General Motors is eyeing its hometown of Detroit [as a place] to test its so-called EN-V personal mobility concept.
In a speech last week to Michigan business and civic leaders, GM North America President Mark Reuss called Detroit a "perfect" spot to test the futuristic machines.
EN-V, which stands for Electric Networked Vehicle, is GM's answer to improving transportation systems in congestion-choked cities such as Beijing. The EN-V was unveiled in 2010 at the Shanghai auto show. It is a battery-powered, enclosed two-wheeled vehicle that seats two, based on the two-wheeled Segway scooter. It reaches speeds of 25 mph and can drive itself and communicate wirelessly with other EN-Vs to avoid crashes.
In April, Chris Borroni-Bird, director of GM's EN-V program, said the automaker is exploring potential sites for a broad pilot. He mentioned military bases and senior-living communities as possibilities but did not give a time frame.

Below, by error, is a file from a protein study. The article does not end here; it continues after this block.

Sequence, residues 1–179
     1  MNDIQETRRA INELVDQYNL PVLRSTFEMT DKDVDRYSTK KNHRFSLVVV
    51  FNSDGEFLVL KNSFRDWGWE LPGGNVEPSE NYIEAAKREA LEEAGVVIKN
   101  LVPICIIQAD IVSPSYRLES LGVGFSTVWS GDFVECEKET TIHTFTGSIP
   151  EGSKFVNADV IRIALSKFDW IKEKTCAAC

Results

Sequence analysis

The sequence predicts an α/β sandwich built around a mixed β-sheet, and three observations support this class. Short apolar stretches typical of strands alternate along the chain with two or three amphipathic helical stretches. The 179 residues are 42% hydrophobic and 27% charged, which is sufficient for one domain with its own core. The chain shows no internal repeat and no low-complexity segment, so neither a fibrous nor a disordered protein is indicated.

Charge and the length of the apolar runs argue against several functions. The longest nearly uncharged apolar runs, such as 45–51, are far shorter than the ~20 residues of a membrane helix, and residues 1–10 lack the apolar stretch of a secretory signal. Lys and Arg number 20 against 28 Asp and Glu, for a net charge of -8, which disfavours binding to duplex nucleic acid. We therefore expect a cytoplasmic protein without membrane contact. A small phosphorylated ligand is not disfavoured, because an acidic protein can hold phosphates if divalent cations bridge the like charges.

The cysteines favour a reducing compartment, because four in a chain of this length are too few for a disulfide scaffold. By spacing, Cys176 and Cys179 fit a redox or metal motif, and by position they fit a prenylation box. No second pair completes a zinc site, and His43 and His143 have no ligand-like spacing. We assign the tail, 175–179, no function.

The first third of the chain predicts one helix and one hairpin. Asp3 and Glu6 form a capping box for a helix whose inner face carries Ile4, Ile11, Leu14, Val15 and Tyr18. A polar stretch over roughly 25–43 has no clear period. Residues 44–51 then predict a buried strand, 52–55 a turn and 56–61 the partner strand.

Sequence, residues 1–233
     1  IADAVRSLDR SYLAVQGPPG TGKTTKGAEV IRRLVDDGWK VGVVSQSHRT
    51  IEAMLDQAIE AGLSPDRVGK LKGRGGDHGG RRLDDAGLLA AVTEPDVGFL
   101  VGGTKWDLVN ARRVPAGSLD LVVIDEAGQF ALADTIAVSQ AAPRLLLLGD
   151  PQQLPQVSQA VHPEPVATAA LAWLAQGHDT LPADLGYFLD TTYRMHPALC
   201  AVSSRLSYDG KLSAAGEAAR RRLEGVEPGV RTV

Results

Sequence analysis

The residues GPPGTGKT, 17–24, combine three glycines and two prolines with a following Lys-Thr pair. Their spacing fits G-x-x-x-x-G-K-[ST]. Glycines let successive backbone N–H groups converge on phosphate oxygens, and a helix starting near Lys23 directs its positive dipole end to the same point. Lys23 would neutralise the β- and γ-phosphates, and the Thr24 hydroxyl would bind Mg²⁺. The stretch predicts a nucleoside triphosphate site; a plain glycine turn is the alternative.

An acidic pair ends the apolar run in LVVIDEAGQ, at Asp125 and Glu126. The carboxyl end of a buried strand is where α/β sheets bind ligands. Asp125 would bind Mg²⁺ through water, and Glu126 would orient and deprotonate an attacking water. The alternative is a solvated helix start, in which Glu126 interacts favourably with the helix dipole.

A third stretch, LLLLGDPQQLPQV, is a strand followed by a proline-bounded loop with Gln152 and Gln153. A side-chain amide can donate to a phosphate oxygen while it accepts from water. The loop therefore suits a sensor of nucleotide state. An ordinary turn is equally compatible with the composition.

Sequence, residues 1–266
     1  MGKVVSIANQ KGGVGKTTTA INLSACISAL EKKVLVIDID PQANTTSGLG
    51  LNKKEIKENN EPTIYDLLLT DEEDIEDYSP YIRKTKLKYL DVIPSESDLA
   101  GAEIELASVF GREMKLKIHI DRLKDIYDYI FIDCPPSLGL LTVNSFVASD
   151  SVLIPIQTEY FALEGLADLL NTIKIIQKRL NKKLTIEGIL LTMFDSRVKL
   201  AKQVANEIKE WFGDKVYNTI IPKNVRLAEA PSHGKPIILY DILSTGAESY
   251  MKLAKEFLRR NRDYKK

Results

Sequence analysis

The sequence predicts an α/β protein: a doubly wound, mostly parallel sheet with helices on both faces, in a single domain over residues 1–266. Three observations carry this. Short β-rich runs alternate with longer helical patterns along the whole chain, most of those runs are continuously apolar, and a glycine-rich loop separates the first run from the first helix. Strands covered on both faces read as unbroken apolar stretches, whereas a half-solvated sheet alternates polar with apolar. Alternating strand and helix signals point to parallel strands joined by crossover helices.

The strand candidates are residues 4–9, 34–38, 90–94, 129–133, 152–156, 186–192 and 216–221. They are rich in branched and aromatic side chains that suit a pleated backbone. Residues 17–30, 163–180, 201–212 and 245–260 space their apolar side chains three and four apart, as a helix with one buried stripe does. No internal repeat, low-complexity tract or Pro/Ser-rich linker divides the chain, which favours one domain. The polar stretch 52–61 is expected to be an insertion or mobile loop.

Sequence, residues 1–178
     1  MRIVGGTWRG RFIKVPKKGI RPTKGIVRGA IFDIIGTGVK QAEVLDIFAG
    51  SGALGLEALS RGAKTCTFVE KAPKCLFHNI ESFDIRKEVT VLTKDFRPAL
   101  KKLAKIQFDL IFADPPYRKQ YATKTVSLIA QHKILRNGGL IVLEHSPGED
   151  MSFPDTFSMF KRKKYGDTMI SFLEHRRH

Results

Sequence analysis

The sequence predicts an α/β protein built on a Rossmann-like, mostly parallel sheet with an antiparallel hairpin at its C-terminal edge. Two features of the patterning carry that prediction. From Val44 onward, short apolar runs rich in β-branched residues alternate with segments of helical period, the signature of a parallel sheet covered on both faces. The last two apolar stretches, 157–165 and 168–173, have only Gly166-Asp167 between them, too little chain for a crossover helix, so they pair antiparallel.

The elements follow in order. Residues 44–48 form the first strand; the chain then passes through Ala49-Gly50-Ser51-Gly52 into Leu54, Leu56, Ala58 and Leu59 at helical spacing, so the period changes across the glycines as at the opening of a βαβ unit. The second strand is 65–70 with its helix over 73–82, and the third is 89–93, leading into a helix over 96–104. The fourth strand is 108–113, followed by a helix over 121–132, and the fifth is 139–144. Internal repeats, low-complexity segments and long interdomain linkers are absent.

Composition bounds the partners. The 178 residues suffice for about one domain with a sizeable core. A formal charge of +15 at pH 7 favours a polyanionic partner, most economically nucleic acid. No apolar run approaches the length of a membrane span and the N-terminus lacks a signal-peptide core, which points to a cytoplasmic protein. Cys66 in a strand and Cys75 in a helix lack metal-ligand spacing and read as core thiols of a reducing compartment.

Reuss acknowledged that GM's hometown, with its abandoned buildings and declining population, has the opposite problem of the dense cities that the EN-V is meant to help.
He said the timing is right because the infrastructure for the EN-V could be installed alongside a light-rail line and a possible high-speed rail connection that has been proposed for Detroit.
Reuss made clear that GM has no firm plans to test the vehicle there. And the company would enlist corporate and government help if it proceeds.
He said: "It would take unprecedented effort with unheard-of levels of cooperation between business and government."
(Source: Automotive News)